Nat geo wild treks down the mississippi river on a




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NAT GEO WILD TREKS DOWN THE MISSISSIPPI RIVER ON A

12-MONTH JOURNEY ABOVE AND BELOW THE WATERLINE, EXPERIENCING A 500-YEAR DEEP FREEZE AND MASSIVE FLOOD
Portions of this program were filmed in Minnesota including aerial footage of the Mississippi taken above Camp Ripley located near Little Falls, MN.
New Three-Part Miniseries, Wild Mississippi, Witnesses Moving Stories of Animal Survival, Death and New Life — Premieres Sunday, February 12, 2012, at 7p.m.
(CAMP RIPLEY, Minn — Feb 6, 2012) As Mark Twain once said, the Mississippi River is a “wonderful book with a new story to tell every day.” In fact, it would be hard to find another North American body of water that is more steeped in legend and lore than the mighty Mississippi. Tom Sawyer and Huck Finn grew up along its edges. Daniel Boone explored its shores. And it has inspired such classics as “Old Man River.” Sometimes violent, sometimes serene, and always full of life, the river is home to hundreds of species, including the iconic bald eagle, beavers, bobcats, wolves and coyotes, not to mention the millions of residents who line its shorelines.
Now, Nat Geo WILD spends one entire year exploring the 2,350-mile-long river in the world premiere miniseries event Wild Mississippi, airing Sunday, February 12, 2012, 7 p.m. – 10 p.m. We’ll trek along the banks and cruise above and below the waterline to explore how the river nurtures and destroys its creatures, and how animals interact and struggle with each other, and with people.
Our cameras travel the length of North America’s longest and greatest waterway — from a record-setting winter in the frozen north to the sun-drenched Gulf of Mexico. In rapid order, seasonal time lapses allow us to see the harsh winter fade away as bald eagles begin to crack through the ice to collect fish. The frozen water will become treacherous floodwater, both breathing new life into the Mississippi and threatening humans and wildlife that live along its banks. The transformation of the landscape to support and challenge an entirely different array of wildlife is part of each new season along the Mississippi.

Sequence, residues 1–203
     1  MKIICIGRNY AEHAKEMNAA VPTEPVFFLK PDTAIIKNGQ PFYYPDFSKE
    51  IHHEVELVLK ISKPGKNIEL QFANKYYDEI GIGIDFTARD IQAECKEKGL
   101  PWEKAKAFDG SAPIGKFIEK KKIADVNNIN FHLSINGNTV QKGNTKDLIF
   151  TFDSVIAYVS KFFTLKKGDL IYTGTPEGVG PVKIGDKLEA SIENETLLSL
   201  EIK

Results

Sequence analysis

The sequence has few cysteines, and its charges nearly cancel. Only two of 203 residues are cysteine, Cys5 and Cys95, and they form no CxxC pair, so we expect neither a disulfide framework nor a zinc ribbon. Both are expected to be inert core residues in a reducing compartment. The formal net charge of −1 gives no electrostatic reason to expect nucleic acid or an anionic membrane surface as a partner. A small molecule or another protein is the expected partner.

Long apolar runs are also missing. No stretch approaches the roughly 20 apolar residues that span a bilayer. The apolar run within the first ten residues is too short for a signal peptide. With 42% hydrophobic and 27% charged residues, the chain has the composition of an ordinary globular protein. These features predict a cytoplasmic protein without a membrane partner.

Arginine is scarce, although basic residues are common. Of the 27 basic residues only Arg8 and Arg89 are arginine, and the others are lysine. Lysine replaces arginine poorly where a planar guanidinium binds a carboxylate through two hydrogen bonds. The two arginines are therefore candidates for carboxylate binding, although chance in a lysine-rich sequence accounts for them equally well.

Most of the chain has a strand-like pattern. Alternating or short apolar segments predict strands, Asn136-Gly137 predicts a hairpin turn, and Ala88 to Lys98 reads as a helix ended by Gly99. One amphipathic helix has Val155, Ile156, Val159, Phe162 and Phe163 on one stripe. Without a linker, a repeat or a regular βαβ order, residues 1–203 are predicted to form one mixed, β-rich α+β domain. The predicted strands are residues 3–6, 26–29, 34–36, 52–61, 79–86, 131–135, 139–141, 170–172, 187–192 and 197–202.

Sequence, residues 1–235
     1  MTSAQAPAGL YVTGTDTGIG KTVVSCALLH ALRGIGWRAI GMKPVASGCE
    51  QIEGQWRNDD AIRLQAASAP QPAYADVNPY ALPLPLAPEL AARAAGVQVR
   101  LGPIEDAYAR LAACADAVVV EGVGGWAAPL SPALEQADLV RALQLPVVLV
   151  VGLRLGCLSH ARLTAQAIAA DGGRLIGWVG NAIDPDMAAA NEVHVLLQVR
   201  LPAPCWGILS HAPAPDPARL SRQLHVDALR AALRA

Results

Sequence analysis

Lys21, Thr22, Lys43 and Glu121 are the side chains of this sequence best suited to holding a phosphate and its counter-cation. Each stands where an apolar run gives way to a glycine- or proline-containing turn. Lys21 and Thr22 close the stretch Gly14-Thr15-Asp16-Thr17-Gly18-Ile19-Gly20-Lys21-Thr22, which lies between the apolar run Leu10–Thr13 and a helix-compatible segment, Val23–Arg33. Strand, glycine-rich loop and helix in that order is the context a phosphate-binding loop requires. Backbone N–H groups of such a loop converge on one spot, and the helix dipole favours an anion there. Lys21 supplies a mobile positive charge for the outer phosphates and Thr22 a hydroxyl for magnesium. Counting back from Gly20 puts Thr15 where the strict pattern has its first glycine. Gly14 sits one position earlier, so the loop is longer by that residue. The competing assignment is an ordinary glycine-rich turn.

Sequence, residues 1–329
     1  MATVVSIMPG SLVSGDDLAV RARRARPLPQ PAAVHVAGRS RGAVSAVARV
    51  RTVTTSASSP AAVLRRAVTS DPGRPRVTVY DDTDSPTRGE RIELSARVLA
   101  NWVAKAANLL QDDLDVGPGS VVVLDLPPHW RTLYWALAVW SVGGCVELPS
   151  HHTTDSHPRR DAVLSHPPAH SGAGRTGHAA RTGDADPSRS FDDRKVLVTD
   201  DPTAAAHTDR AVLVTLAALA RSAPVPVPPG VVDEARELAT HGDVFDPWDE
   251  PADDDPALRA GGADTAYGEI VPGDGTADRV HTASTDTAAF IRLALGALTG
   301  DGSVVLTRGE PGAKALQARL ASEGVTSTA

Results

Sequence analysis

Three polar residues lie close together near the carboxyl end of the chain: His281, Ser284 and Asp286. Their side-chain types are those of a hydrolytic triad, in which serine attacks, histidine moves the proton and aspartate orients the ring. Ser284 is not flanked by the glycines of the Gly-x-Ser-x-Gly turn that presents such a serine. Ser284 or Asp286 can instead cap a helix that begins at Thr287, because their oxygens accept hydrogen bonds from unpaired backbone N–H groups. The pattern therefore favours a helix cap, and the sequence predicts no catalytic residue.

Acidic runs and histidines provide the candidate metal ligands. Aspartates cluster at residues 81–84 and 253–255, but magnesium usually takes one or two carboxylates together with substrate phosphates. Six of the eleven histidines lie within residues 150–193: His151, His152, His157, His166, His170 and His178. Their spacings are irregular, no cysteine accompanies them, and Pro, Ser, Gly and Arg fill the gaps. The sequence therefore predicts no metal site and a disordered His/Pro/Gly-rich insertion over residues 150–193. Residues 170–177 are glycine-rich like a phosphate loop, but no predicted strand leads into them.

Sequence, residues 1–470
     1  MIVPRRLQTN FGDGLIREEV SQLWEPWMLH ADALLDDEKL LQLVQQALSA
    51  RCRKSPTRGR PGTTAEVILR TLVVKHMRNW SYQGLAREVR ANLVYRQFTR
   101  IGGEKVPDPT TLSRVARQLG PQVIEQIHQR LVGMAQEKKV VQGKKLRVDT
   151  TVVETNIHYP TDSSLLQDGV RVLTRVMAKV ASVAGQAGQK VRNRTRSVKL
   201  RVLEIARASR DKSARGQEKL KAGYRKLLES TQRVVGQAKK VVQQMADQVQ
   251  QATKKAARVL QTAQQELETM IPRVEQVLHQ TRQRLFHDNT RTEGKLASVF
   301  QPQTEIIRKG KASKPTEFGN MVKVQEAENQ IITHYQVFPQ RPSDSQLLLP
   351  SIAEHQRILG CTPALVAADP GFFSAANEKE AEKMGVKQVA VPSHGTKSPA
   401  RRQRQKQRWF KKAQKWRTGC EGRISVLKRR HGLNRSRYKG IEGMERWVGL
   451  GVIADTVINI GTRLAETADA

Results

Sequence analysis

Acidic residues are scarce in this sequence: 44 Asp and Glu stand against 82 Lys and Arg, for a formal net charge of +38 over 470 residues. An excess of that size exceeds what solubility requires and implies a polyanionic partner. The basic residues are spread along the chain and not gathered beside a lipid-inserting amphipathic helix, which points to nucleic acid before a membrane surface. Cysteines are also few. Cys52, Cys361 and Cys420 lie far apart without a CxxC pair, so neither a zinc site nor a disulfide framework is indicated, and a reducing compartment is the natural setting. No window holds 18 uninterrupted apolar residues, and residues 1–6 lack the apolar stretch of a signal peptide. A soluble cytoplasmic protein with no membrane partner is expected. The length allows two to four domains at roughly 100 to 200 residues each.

Premiere episodes include:
Wild Mississippi: Deep Freeze

Sunday, February 12, at 7 p.m. ET/PT

Nat Geo WILD travels to the starting point of the mighty Mississippi River — Lake Itasca in Minnesota, where the 2,350-mile journey to the Gulf of Mexico begins. Harsh cannot begin to describe the winter in this region, where temperatures reach 33° below zero. Survival strategies are as numerous as the creatures that live here, such as beavers, bobcats and gray wolves. We’ll capture migrating bald eagles as they prepare for the bitter cold and watch a pack of wolves hunt for deer and porcupine, beavers feverishly work to make dens, and the vole, a creature similar to a mouse, create tunnels beneath the snow to scavenge for food. It is truly a test of survival of the fittest in this freezing cold wilderness.



CONTINUES…

Wild Mississippi is produced by Red Rock Films for National Geographic Channels. For Red Rock Films, executive producer is Brian Armstrong. For Nat Geo WILD, executive producer is Jenny Apostol, and executive in charge of production is Geoff Daniels.
For more information, visit www.natgeowild.com .
For more information on the Minnesota National Guard, visit www.MinnesotaNationalGuard.org.
FOR MORE INFORMATION, CONTACT: Minnesota National Guard Public Affairs at ngmn.public.affairs@ng.army.mil or call 320-616-2726.
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NAT GEO WILD

For more than 30 years, National Geographic has been the leader in wildlife programming.  The networks Nat Geo WILD and Nat Geo WILD HD, launched in 2010, offer intimate encounters with nature’s ferocious fighters and gentle creatures of land, sea and air that draw upon the cutting-edge work of the many explorers, filmmakers and scientists of the National Geographic Society. Part of the National Geographic Channels US, based in Washington, D.C., the networks are a joint venture between National Geographic and Fox Cable Networks.  In 2001, National Geographic Channel (NGC) debuted, and 10 years later, Spanish-language network Nat Geo Mundo was unveiled.  The Channels have carriage with all of the nation’s major cable, telco and satellite television providers, with Nat Geo WILD currently available in 54 million U.S. homes.  Globally, Nat Geo WILD is available in more than 96 million homes in 90 countries and 28 languages.  For more information, visit www.natgeowild.com.
MEDIA CONTACTS:

Chris Albert, National Geographic Channels, 202-912-6526, CAlbert@natgeotv.com

Broadcast: Dara Klatt, National Geographic Channels, 202-912-6720, DKlatt@natgeotv.com

Radio: Johanna Ramos Boyer, 703-646-5137, Johanna@jrbcomm.com

Print: Rajul Mistry, National Geographic Channels, 202-912-6794, RMistry@natgeotv.com

Online: Kristin Montalbano, 703-678-3678, kmontalbano@gmail.com



Photos: Sarah Hughes, 202-912-6670, SHughes@natgeotv.com


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